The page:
Crypto “pig butcher” scams highlight the need for an evolution in fraud prevention for finance
A warning from the FBI Monday, about the rise of a crypto system called pig butcher, highlights the need for financial institutions to implement more sophisticated fraud detection programs as part of their own transformation efforts. digital.
Pig butcher shop scammers usually establish contact and develop long-term communication with the victims through various social media or dating apps. After earning victims’ trust over time, they convince them to invest in scam cryptocurrency platforms. Fake websites or apps allow victims to track their investment and show huge earnings which often stimulates further investments.
While the general public must learn to identify and avoid scams, “government, financial institutions and security companies should also take responsibility for managing growing risks,” said Jan Santiago, deputy director of Global Anti- Scam Org, at SC Media.
Indeed, although the scam targets consumers, it is often the responsibility of financial institutions to integrate fraud prevention mechanisms that could flag suspicious transactions, especially since the digital transformation of recent years has allowed crooks to carry out attacks more easily.
James Brodhurst, principal consultant at Resistant AI, said in a recent PaymentsJournal article that as fintech companies leverage software as a service to expand their business reach, they must counter web-based fraud-as-a-service tactics being deployed “at a level never seen before” and “with surprisingly low risk.”
He said AI and machine learning tools can “fight back and attempt to beat cybercriminals at their own game”, increasing detection rates and protecting automated systems from compromise.
Global Anti-Scam Org also suggested banks and trading platforms improve automated warnings, immediately reminding investors once a suspicious transaction is detected. Also, they should explain in detail to the general public how a particular type of scam works in order to create security awareness.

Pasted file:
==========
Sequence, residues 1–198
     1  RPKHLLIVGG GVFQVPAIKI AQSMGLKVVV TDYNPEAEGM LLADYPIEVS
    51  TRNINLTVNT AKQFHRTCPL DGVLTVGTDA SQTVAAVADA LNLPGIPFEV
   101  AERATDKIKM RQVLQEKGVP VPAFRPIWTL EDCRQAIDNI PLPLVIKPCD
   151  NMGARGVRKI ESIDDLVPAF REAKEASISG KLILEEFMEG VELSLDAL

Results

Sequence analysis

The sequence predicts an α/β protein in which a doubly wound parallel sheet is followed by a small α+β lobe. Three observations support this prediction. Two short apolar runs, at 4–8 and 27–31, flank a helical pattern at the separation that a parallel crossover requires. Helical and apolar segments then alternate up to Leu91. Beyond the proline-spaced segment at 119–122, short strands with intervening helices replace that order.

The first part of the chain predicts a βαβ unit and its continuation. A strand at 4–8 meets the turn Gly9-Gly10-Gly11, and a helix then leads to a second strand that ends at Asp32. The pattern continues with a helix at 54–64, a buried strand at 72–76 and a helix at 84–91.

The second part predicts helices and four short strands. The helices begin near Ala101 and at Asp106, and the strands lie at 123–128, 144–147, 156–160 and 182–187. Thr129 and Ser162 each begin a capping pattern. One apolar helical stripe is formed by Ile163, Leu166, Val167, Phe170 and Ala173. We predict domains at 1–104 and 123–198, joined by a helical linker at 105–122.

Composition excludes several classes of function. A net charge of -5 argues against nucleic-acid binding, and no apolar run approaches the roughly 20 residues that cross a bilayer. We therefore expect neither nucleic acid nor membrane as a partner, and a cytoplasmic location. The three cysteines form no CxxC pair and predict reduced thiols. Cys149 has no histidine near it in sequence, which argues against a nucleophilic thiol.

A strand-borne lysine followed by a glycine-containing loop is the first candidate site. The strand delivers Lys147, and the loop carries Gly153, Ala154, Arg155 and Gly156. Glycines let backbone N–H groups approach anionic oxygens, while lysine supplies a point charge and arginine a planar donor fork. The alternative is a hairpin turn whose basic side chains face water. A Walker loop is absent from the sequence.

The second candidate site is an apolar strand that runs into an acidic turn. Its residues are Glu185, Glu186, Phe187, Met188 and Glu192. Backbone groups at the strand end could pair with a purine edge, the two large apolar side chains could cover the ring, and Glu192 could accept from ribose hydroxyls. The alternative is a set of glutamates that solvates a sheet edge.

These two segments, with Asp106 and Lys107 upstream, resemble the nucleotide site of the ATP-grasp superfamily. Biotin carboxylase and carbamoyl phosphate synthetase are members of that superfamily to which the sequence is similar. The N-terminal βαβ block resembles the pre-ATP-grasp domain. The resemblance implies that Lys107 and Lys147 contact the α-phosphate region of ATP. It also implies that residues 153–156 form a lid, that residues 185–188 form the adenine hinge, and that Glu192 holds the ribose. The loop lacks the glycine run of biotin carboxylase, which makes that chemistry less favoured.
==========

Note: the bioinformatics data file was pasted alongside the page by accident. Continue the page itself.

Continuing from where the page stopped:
This last point aligns with the FBI’s own recommendations to consumers, which follow the best general standards: check the validity of any investment opportunity; be on the lookout for domain names that impersonate legitimate financial institutions, especially cryptocurrency exchanges; misspelled URLs, often with a slight deviation from the financial institutions’ actual website, should set off red flags; and don’t download or use suspicious apps as an investment tool unless you can verify the legitimacy.
To manage the growing vulnerabilities within the crypto market, financial institutions and cybersecurity organizations should also increase their own awareness, taking the time to explore tools not typically considered in traditional banking systems. , said Chen Arad, co-founder and COO of Solidus Labs, a provider of crypto-native risk monitoring and market monitoring. He specifically pointed to Web3 – the internet service which is built using decentralized blockchains.
And given that recovering funds after running a crypto scam is notoriously difficult, largely due to the immutability and anonymity of digital currency, initial risk management becomes critical, added Arad. “Crypto is a major opportunity to transform and monitor financial risk.”